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The Christian Foundation, Or, Scientific and Religious Journal, Volume I, No. 11, November, 1880   By:

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Scientific and Religious Journal.

VOL. I. NOVEMBER, 1880. NO. 11.


The character which the gospel of Christ requires is made up of all that is lovely, is formed upon the highest model, but it is not composed of the insensibility, the anger, the pride, the egotism, the worldliness, which is so common among men. It is not the cold indifference of modern moralists; it is not the rank and scepticism of modern doubters, nor yet the intellectual rashness and moral phantoms of modern scientists. These have done all they could to take possession of the human heart, and have left it more miserable than it was before. The great author of our holy religion, through the instrumentality of our blessed Savior, brings us into the possession of his own spirit; imparts to us the elements of his own divine excellence; forms us anew in his own image. The idea of "Emanuel, God with us," is composed of the richest elements. It embraces all that is venerable in wisdom, wonderful in authority, and touching in goodness. Human greatness, blended with imperfections and many limitations, is seen only in detached and separate parts; never appears in any one character whole and entire; but in our Lord Jesus Christ these conceptions, or scattered rays of an ideal excellence, are brought together and constitute the real attributes of that Savior whom we worship, who stands in the nearest relation to us, who is the "head of all principality and power," and who pervades all nature with his presence. The object of the Christian religion is to recover man from his degraded, miserable condition, elevate him above his debasement, and reinvest him with the character of Christ, that he may eventually dwell with the angels in the perfections of the Infinite One.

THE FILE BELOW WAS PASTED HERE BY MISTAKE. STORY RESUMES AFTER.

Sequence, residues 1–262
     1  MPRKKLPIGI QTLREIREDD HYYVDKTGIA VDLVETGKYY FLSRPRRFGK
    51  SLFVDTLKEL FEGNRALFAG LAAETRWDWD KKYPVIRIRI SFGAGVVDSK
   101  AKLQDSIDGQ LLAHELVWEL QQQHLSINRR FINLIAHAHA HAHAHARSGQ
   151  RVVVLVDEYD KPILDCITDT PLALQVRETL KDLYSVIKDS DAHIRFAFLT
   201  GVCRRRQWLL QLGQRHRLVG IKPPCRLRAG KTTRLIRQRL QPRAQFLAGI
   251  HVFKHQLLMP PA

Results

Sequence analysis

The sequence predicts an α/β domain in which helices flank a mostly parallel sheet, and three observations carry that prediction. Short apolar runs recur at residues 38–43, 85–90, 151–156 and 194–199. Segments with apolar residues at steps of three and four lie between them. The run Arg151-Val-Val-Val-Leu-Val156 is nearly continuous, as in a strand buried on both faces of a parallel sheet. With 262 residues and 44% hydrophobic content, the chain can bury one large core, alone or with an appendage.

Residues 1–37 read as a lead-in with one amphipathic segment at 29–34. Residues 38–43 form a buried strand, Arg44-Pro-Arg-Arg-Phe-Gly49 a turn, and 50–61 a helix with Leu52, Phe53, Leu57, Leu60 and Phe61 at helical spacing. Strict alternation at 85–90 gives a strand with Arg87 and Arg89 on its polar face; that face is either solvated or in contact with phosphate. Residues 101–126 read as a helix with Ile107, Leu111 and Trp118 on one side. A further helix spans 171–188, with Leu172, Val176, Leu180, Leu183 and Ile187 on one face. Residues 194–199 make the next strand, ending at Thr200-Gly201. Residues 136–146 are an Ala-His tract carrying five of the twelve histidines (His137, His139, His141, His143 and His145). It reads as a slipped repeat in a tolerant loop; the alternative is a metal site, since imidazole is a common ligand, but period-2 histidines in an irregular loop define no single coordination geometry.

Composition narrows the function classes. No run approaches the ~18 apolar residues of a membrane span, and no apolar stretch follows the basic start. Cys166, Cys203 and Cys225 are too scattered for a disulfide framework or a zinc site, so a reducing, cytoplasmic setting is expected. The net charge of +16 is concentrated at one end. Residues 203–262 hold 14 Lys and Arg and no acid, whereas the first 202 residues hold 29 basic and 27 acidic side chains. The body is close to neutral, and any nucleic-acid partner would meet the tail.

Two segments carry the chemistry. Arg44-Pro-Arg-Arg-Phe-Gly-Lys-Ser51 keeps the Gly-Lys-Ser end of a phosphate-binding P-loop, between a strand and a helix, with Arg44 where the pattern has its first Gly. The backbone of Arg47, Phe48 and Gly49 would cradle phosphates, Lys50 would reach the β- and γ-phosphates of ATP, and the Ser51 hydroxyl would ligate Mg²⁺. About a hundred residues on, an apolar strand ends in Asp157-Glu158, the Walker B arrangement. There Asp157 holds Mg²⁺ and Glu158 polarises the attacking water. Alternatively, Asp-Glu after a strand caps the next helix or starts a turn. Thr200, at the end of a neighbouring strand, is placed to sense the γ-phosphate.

The views and spirit transfused into the soul of the Christian are very different from the views and spirit of the world. The spirit of the world is pride and selfishness, the pride of rank and office, the pride of wealth and worldly accomplishments, which lives for the praise of men. On the contrary, the Savior imparts to all his worshipers the loveliest of all the graces, a heaven born humility, a modest estimate of one's own worth, and a deep sense of unworthiness on account of human weakness. As Christians we learn to humble ourselves in view of the majesty and perfections of our heavenly Master. "Before honor is humility." The Savior commands an humble religion; its love is humble, its faith is humble; its repentance, its baptism, its hopes, its joys, its raptures are all humble. True greatness is not found except in an humble mind; never is an archangel more exalted, more truly great, than when he bows before the throne of Christ. The spirit of the world is self will and insubordination, hard heartedness and impenitence, or inflexible perseverance in sin. The spirit of the world is one of self indulgence and guilty pleasure. Sinners are lovers of pleasure more than lovers of God. They are eager for enjoyment and obtain it in dissipated behavior, thought and feeling. Lawless pleasure is the idol of the sinner's heart and the rule of his life; it often leads him to shame, infamy and ruin. The religion of Christ gives, in the place of this, the love of God and duty. The pleasures of the Christian are much broader and brighter than the pleasures of the disobedient; they are far superior to the sinner's day dreams and pleasures of sense. The spirit of the world rejects the truth of God; distrusts his word; has not sufficient confidence in his declarations, or, it may be, love for his praises, and so leans upon self, having no wants, fears, or despondency which it does not presume to relieve for itself. And often it happens when corruptions, doubts and disobedience have kept rule until the poor man is ruined and the hope of a better day is literally exhausted, that the soul under the dominion of sin cries, "Lord, save, or I perish... Continue reading book >>

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